The good news is that if they could come through victoriously, then I can too. God is no respecter of persons. If I’m willing to listen to, trust, and obey God the way others do, then I’ll receive the same inheritance.

Question: What blessings are in your life as a result of godly examples?

© Nick Zaccardi 2017

 
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Posted by on June 5, 2017 in Faith, Leadership, Spiritual Walk

 

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Leadership and Serving the Word

Fine DiningWhat are the main responsibilities of church leaders?  Is it preaching, visiting the sick, running the church program; or is there something more important.

In this generation, many leaders are ignoring the most important aspect of their ministry.  To the extent that we miss this, the church suffers.

This concept was well known by the apostles in the early church.  It was something they wrestled with.

So the Twelve gathered all the disciples together and said, “It would not be right for us to neglect the ministry of the word of God in order to wait on tables.”
Acts 6:2

They literally said that it would not be right for them to leave the Word of God.  There was a ministry that needed to be done, yet was being neglected.  How often do pastors scoop up those things without a second thought?  After all, there’s no one else to do them.

This is a question that needs to be answered in Christian circles.  It causes so much strife.  Church people think it’s the pastor’s job to do everything.  Yet in doing these jobs, that the church people are supposed to do, the leadership is missing the very things that would cause growth.

That’s one of the hardest issues to resolve in church ministry.  Does a minister choose to please God or men?  You may think that’s an easy choice.  But, as someone who’s been there, I can tell you that it’s an unyielding pressure.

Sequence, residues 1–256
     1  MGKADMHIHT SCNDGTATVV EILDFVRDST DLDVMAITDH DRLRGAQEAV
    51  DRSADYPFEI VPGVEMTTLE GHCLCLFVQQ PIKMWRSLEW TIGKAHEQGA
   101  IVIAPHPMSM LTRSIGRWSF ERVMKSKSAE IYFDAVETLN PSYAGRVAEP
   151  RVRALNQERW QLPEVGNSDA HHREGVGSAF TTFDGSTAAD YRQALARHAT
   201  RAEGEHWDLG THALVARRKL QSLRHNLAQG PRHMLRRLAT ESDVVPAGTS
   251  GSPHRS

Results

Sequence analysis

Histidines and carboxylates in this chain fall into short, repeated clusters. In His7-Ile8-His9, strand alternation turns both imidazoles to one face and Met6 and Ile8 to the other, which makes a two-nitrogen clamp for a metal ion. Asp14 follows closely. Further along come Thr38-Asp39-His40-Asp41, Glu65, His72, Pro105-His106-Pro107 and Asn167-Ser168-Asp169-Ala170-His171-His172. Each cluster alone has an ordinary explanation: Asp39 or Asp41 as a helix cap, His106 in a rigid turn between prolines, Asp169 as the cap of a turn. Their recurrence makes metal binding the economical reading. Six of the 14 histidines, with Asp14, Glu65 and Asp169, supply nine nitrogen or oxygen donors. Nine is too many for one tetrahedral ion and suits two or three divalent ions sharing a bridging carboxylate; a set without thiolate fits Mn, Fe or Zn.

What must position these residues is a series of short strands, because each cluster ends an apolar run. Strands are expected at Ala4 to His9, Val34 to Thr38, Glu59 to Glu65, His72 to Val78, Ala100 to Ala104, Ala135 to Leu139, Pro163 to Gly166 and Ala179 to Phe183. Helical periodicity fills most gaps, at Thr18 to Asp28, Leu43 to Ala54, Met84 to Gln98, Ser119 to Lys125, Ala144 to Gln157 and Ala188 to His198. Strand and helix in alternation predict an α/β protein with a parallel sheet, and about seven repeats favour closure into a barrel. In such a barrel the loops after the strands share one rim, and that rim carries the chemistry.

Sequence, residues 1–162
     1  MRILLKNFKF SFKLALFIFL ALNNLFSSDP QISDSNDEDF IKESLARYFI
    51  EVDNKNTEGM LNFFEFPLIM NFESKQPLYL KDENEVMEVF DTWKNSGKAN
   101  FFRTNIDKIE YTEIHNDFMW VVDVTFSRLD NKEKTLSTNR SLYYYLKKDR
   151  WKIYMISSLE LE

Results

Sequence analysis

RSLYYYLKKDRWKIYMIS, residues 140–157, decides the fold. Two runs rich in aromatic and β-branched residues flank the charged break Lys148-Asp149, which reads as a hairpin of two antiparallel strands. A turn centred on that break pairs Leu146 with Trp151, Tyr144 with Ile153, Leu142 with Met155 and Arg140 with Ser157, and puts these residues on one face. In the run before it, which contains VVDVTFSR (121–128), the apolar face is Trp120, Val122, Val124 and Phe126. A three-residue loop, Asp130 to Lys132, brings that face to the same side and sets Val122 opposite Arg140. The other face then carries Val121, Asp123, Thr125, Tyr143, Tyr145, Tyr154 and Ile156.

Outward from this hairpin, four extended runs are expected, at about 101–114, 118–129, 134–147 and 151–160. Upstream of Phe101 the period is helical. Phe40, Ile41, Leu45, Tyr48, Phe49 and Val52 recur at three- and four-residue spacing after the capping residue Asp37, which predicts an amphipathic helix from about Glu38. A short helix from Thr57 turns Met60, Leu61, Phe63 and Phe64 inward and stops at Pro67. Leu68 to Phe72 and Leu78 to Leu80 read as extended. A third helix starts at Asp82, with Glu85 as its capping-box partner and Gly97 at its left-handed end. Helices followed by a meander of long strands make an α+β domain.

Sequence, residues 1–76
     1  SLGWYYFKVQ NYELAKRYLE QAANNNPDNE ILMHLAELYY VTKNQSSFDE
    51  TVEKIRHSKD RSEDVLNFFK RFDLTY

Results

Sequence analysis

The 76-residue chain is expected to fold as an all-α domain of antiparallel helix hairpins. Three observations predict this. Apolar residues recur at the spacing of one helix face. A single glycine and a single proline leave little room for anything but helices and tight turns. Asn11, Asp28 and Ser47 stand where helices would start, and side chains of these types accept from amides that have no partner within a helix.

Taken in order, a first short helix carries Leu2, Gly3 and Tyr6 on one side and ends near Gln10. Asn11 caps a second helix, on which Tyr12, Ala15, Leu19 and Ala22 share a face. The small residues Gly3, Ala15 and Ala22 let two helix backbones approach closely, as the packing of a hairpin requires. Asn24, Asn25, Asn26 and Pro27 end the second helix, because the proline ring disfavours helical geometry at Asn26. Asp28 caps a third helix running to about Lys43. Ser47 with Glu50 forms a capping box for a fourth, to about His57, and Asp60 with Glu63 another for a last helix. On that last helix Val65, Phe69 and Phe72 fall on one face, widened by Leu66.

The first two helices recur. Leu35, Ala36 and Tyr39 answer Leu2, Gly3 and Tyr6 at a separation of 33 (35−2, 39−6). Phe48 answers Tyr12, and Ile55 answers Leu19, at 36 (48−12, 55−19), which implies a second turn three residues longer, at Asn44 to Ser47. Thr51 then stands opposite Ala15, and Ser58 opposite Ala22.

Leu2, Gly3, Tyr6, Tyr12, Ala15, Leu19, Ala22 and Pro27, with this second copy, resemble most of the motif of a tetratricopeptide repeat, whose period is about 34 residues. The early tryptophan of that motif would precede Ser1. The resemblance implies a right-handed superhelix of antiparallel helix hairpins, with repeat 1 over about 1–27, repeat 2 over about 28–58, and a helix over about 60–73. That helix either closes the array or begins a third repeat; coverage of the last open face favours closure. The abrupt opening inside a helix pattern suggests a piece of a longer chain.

The congregation that pays your salary wants to see you working in the church.  Many times prayer and seeking God are seen as “slacking off.”

“Pastor, you need to do more around here.”

All the while we ignore the fact that it’s the church member that’s called by God to do the “nuts and bolts” of the ministry.

“Brothers, choose seven men from among you who are known to be full of the Spirit and wisdom.  We will turn this responsibility over to them and will give our attention to prayer and the ministry of the word.”
Acts 6:3-4

The apostles came to the conclusion that it was more beneficial for them to be constantly diligent toward prayer and serving the Word.  That’s the choice.  Serving tables, doing all the things not getting done by those who should be doing it, or serving the Word.

Being a servant to the Word of God is our greatest calling.  That means listening, hearing, and obeying the Word of God spoken to us.  This is the most important aspect of ministry and must not be ignored.

Question: How much of your work for God is doing what God has spoken to you?

© Nick Zaccardi 2014

 
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Posted by on March 10, 2014 in Ministry, Prayer, The Church, Word of God